I think the Challenger calendar is not public until the end of February, the one of the ATP tour until mid or late April. So the next few weeks will look like this: I'll fly to Quimper on Friday for two weeks, there are two challengers. After that to Cherbourg and after that nothing is fixed yet. Like last year, a lot will change in the calendar this year, you have to be very spontaneous and just plan week after week. Of course, 250 or 500 (note: ATP 250 events or ATP 500 events) have priority if I should come in. But since the tournaments are very rare now, I don't assume that I won't get into many.

You also spoke to the press about the great self-doubt that plagued you before you worked with Javier Frana. What has changed in your mindset today if things don't go according to plan for a few weeks or even months?

That was also a big topic with my mental trainer, with Judith Draxler, that I am simply prepared for such situations. I also believe that I have matured a lot last year, I was able to gain a lot of new experiences and now - should I get into such a situation again - I am better prepared, so I already know what I have to do about it to get out again to come to the hole. Hopefully it won't happen again of course, but professional sport can be very tough and anything can happen. That's why it's better to be prepared for anything.

The way forward in the world rankings is very closely interwoven with the playful consistency. The spread of your services is still fairly wide at the moment. What exactly do you have to do now in order to be able to bring your maximum performance to the field more often in the future?

I don't think that's a secret: you have to train hard day after day, hour after hour. Every minute it is important to get the most out of it. Hard work pays off at the end of the day. Everyone just has to go through it. For professional athletes, as in real life, it's the same: if you want to achieve something, you have to work hard for it.

Every minute it is important to get the most out of it. Hard work pays off at the end of the day.

The key to success is no secret for Jurij Rodionov:

During the Erste Bank Open you also had the opportunity to train with Dominic Thiem and Daniil Medvedev, the two of whom are also considered to be the biggest pursuers of the "Big Three". Who do you see ahead of the Grand Slam tournaments this season?

It's very difficult to say. One always has the feeling that the older the “Big Three” (note: Roger Federer, Rafael Nadal and Novak Djokovic) get, the greater the chances for the youngsters. But the old hands are still doing very well for their age. Federer is 39, Nadal is 34, Djokovic 33 - that's really amazing what the guys at the top of the world are doing. But I also think that Dominic (Thiem's note) is now always a potential candidate for a Grand Slam title because he is extremely fit, has an incredible game and has been very consistent over the past year or two - he really manages to bring his best tennis to the court week after week. The same goes for Medvedev. I trained with him in Vienna. I find his game very unorthodox and very uncomfortable - he just has hits that you can't read, where you feel very uncomfortable as an opponent. The two have a very good chance of winning a Grand Slam tournament.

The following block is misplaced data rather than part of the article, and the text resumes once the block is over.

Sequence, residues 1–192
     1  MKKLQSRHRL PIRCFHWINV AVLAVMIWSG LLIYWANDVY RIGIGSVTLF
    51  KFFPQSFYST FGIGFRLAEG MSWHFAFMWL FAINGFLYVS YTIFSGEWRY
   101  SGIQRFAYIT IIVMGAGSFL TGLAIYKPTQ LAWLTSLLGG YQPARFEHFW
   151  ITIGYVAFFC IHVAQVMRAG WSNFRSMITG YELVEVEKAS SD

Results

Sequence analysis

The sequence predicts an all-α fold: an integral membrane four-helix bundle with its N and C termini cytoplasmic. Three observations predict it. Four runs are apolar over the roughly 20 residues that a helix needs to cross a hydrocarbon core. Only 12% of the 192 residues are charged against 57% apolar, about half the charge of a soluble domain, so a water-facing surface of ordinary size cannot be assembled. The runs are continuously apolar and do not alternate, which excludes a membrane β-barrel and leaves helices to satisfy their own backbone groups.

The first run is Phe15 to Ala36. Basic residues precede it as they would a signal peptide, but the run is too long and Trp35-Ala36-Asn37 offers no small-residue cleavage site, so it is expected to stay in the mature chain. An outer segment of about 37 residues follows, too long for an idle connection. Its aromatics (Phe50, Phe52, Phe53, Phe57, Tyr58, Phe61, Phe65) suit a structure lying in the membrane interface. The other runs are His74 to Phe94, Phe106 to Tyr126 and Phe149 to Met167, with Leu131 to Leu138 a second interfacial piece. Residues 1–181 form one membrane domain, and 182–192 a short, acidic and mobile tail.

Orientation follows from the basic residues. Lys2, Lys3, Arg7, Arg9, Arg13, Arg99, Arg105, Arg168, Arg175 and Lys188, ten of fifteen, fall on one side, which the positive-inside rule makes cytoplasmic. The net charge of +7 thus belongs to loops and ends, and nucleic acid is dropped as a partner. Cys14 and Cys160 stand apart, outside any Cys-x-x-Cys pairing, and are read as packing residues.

Some players from your generation are currently playing their way to the top of the world. Who do you see behind the generations Zverev & Tsitsipas as the most promising stocks for the future of tennis?

Definitely Denis Shapovalov and Felix Auger-Aliassime, they are the hottest candidates. Shapovalov can beat anyone on good days, not so much on bad days - as you saw in the match against me. Of the younger ones, Jannik Sinner is definitely a very hot candidate, his game is unbelievable for his age, and he can physically go a step further, which is of course very positive. He definitely still has potential and as a guy he is just extremely easy-going, a very nice guy. Also, there might be Lorenzo Musetti and Carlos Alcaraz. They have very interesting ways of playing. Alcaraz is a bull, fights for every ball - like Nadal. And Musetti is a very elegant player, with his one-handed backhand. It's really fun to watch. I also trained with him and believe that something will come of him one day if he stays injury-free.

In the coming weeks you will be playing at two events in Quimper, France. What are your expectations for flying to Brittany?

First and foremost, to get match practice. I think it is extremely important to me that I get off to a good start in 2021 and can shape the next one or two months well. So I hope I get a lot of matches. Of course I'll do my best, I'll fight for every point and hope to take my best game to Brittany.

In the last conversation with you said that your big goal is to be among the top 100 in the world rankings. Should this be realized this year? What are your goals for this season?

In any case, the top 100 is my big goal. They have been for two or three years. I was close two years ago, at that time - I think - I was in 170th place. And since then, in my opinion, I have matured in a playful and human way. The top 100 are such a magical barrier in tennis that I still want to break this year. If I can do that, the next goal is to establish myself in the top 100 and just get consistent results and keep myself in the top 100.

Thank you for the interview!

by Michael Rothschädl

Jan 20, 2021, 08:05 pm
last edit: Jan 20, 2021, 08:26 pm